Leo Frank Case Stirs Debate 100 Years After Jewish Lynch Victim's Conviction

Notorious Case Raises Thorny Questions of Race and Hate


By Paul Berger

Published August 19, 2013, issue of August 23, 2013.

(page 6 of 6)

The lynching affected the Jews of Atlanta, too. Tony Montag, whose family owned a controlling stake in the National Pencil Company, said. “My father told me it was the first time he’d ever seen his father with a gun.”

Atlanta’s German-Jewish elite now had to live in a community that included people who supported Frank’s conviction and the lynching. They coped by not talking about Frank. Montag said of his father: “If people did start talking about it in a social context, he would get up and leave the room. It was just a painful memory to him.”

The events of 1913 to 1915 threw two contradictory forces into motion in Atlanta. Frank was president of a local lodge of B’nai B’rith, the Jewish fraternal organization. His lynching galvanized the newly formed Anti-Defamation League, which went on to become the pre-eminent American Jewish organization to fight bigotry and intolerance.

A few months after Frank’s lynching, atop Stone Mountain, about 35 miles from Marietta, the reconstituted Ku Klux Klan held its first cross burning. The Klan was spurred partly by the release in 1915 of the movie “The Birth of a Nation.” But it was also bolstered by the nativist writings in Watson’s Jeffersonian and by the rising xenophobia in Atlanta over the previous two years.

Though the lynching frightened Atlanta’s Jewish community, most Jews remained in and around the city. As Atlanta’s population has grown rapidly in recent decades, the Jewish community has grown even faster.

Until recently, Cobb County had one of the fastest-growing Jewish communities in metropolitan Atlanta, which itself was among the fastest-growing communities in America. During the last population survey, in 2006, conducted by the Jewish Federation of Greater Atlanta, the community had grown 56% in the previous decade, to 120,000 Jews.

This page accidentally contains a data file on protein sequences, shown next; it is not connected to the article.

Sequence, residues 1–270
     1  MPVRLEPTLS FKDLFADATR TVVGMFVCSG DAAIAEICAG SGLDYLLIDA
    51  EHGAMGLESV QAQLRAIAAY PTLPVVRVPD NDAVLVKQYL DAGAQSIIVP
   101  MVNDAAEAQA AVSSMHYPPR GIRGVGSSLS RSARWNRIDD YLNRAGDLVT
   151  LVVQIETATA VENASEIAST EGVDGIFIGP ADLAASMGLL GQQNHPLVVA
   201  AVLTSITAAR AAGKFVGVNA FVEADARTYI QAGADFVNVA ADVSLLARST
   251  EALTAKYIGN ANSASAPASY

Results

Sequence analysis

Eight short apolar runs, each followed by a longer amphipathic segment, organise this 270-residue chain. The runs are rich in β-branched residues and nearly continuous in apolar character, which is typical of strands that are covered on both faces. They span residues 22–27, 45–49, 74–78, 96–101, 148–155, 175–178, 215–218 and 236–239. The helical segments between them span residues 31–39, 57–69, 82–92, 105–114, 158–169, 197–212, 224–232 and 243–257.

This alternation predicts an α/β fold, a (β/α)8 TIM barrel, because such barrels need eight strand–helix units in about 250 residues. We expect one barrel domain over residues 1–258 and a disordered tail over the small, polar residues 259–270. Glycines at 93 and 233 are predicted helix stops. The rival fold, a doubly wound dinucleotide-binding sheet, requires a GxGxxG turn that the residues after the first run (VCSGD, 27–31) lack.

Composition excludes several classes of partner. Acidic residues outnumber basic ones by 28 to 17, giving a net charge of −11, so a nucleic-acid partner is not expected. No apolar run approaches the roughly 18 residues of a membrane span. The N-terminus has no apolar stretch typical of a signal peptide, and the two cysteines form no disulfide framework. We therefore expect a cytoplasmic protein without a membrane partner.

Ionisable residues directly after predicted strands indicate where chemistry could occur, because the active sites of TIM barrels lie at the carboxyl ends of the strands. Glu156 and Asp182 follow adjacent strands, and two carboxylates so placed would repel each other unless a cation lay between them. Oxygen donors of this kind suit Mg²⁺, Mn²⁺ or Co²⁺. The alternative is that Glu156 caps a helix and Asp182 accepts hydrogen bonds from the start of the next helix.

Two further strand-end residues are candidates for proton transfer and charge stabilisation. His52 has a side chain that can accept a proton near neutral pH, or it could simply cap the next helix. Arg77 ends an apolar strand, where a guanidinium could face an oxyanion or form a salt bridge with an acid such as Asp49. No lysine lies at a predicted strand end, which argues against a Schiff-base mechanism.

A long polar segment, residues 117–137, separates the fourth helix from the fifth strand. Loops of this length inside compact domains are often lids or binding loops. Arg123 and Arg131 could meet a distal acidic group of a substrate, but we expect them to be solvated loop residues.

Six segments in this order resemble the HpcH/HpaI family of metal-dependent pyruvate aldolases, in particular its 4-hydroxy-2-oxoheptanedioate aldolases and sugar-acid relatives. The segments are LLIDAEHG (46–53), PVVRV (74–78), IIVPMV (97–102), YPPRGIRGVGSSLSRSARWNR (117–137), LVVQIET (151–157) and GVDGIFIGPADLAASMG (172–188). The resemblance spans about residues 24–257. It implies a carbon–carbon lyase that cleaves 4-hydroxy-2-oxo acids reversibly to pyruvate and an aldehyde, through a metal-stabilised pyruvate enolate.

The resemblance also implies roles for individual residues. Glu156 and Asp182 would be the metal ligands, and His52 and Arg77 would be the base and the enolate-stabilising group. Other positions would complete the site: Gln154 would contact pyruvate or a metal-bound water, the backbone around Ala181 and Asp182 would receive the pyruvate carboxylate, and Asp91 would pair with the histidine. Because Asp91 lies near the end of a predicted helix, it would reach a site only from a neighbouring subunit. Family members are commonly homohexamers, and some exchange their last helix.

A century after Frank’s conviction, there appears to be little appetite in the community — apart from Lebow — to push for exoneration. Oney said that his 17 years of research led him to believe that Conley probably murdered Phagan, but there is enough doubt to “leave the door ajar.” So much evidence has been bungled, destroyed or lost since the murder that to be able to say with 100% certainty that Frank is innocent “would give me a power of clairvoyance that I don’t have,” Oney added.

Today, the trial and the lynching seem unimaginable in Atlanta. But they were unimaginable a century ago, too.

When Cahan visited Frank in 1914, he told Frank that he wanted to send a telegram to New York explaining to readers what it is like to be an innocent man sentenced to death. Cahan said that Frank smiled and took from his pocket a pencil and a piece of card.

“The whole story seems like a dream to me,” Frank wrote. “It seems to me that I’m observing it from the side; it belongs to somebody else, not me. For the moment, I feel no fear at all.”

Contact Paul Berger at berger@forward.com or on Twitter, @pdberger



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